The rules of credit scoring in Victoria (and rest of Australia for that matter) have changed. Now, the major banks are required to submit comprehensive credit data to the credit bureaus. In other words, it mandatory for them to report positive behaviors, not just negative ones.
If you are buying a piece of Kurunjang, Exford, Toolern Vale, Aintree or Burnside real estate, you need to be more particular with your financial habits, for even the little things you do can count.
However, this new government policy does not change the fact that Equifax and Experian, two of the most popular credit bureaus in Australia, calculate credit scores in their own way. What the former considers excellent credit might only be good for the latter.
Fortunately, there are things you can do to please both Equifax and Experian at the same time. Below are the best practices to get high credit scores from both companies.
Pay Your Utility Bills on Time
Utility providers might not share the payment information of their customers to the credit bureaus, but they report defaults. Not paying your bills for two months constitutes defaults, which will appear and stay on your credit file for up to seven years.
Keep Your Oldest Credit Accounts Active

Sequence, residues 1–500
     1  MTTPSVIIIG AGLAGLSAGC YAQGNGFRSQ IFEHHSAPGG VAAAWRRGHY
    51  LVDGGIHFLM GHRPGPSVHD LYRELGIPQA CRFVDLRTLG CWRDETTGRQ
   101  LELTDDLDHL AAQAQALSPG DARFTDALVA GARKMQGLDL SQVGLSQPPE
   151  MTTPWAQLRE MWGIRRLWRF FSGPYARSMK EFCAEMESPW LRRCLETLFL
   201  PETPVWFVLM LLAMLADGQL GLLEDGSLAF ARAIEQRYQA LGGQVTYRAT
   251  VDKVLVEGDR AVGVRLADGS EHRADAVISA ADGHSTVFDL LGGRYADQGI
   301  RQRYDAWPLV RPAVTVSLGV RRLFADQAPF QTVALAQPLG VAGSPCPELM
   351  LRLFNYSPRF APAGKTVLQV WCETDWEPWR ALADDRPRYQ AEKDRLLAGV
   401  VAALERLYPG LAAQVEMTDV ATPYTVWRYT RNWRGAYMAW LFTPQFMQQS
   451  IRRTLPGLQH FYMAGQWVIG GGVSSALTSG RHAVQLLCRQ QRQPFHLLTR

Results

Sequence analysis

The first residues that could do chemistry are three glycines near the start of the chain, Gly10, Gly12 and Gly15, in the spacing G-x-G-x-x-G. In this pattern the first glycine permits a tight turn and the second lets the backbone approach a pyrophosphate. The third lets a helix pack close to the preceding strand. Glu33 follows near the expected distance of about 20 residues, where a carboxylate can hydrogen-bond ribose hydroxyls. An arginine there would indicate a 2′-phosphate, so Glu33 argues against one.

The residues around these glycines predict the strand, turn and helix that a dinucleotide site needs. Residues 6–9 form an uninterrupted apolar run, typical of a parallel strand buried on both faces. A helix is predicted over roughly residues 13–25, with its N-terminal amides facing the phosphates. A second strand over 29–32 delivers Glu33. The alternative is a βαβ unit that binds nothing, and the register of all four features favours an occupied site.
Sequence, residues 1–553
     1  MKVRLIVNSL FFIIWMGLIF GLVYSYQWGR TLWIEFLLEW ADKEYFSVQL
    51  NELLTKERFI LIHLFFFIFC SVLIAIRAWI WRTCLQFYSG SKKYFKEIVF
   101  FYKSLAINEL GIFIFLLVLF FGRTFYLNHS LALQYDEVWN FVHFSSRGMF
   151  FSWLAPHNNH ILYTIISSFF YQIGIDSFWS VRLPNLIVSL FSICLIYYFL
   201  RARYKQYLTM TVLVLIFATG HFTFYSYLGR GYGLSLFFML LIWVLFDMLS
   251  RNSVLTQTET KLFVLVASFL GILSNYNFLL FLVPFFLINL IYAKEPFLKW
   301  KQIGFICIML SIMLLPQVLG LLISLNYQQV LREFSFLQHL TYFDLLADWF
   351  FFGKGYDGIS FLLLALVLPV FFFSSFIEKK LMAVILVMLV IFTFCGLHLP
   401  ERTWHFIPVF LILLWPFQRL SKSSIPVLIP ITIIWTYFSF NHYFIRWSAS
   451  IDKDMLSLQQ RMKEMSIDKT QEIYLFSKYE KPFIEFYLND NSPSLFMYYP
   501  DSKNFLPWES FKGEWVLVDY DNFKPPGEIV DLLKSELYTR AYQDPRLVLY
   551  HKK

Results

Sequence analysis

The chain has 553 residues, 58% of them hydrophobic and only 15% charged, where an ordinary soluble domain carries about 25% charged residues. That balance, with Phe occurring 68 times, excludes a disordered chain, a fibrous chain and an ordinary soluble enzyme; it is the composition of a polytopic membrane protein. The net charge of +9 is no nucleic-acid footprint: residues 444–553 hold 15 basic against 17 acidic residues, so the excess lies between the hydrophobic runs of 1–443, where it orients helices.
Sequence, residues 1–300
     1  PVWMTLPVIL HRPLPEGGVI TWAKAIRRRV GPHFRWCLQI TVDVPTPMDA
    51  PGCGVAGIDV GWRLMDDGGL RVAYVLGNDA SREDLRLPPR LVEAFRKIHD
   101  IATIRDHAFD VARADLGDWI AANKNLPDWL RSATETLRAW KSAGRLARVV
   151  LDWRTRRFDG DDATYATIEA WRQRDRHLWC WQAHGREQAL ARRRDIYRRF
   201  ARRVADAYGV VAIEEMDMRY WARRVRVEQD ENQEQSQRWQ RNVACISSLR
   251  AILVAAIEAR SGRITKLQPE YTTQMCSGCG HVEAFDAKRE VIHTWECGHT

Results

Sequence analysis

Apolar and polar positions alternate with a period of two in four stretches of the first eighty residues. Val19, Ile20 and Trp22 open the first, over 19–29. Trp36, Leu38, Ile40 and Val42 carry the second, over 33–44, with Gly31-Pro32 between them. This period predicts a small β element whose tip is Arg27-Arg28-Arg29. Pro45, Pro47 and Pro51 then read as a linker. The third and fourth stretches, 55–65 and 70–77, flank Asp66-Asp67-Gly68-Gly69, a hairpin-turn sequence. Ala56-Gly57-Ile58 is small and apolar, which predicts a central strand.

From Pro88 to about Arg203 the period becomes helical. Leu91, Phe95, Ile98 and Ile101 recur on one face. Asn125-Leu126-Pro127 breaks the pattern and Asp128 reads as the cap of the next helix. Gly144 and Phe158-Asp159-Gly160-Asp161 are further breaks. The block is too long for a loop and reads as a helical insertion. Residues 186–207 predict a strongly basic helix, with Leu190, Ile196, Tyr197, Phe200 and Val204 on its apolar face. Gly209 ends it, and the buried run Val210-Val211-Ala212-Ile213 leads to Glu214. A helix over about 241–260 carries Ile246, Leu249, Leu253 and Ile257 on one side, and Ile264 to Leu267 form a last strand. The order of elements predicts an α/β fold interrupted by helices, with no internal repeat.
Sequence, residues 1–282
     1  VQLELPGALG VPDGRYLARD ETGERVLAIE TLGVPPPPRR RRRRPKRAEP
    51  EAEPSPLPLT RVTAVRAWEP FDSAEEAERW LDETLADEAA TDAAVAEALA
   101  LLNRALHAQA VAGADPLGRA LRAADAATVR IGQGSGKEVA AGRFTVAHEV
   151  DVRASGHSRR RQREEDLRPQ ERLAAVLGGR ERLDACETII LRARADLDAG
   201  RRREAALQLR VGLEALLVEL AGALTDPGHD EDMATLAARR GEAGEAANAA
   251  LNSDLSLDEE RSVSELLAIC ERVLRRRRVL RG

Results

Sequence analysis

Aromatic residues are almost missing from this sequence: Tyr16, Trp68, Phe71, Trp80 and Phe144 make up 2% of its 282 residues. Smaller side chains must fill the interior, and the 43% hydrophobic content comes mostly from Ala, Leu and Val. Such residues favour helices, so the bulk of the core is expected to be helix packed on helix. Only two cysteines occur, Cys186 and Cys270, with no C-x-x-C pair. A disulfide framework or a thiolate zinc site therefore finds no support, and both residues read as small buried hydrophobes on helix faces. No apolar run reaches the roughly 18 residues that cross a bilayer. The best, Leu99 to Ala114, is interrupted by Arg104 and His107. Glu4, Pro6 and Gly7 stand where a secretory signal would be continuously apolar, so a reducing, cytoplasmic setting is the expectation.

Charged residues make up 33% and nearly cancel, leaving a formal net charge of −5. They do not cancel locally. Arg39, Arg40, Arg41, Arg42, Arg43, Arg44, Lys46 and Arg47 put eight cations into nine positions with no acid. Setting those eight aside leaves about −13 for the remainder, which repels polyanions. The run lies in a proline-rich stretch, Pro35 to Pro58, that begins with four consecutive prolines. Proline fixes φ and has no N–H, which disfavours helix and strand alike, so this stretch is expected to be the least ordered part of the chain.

Just like in the United States, Equifax and Experian do care about the longevity of credit accounts of consumers in Australia. Each of them can average the age of all accounts, active and closed, to put a number on the experience of a consumer in managing credit.
For this reason, you should do your best to keep your oldest credit card alive as much as possible. Closing it in favor of a new one can devastate your credit big time for a long time.
Avoid Overusing Your Credit Cards
Maxing out your credit card limits can affect your creditworthiness in the eyes of both Equifax and Experian. Starting 1 July 2019, Westpac, NAB, ANZ, and CommBank will be required to share the maximum credit amount available for each account to help either credit bureau analyze the credit utilization of a person.
Do Not Apply for Credit Frequently
New credit is a universal credit scoring factor. Applying for a credit card or a loan will inevitably lower your credit scores from Equifax and Experian to a small extent.
However, multiple inquiries done over a short period can ring the alarm bells, for such negative items can indicate that you are cash-strapped and in great need of debt.
Focus on Your Two-year Payment Histories
Since the credit scoring system change, your monthly repayments in the past two years will begin appearing on your credit file. If these are the only histories available on your credit reports, then make sure you have zero overdue payments in any of your financial obligations 24 months before shopping around for home loans.
Generally, it is easier to score high from Experian than it is from Equifax. Nevertheless, developing sound financial habits should increase your credit scores from both credit bureaus effortlessly and more quickly.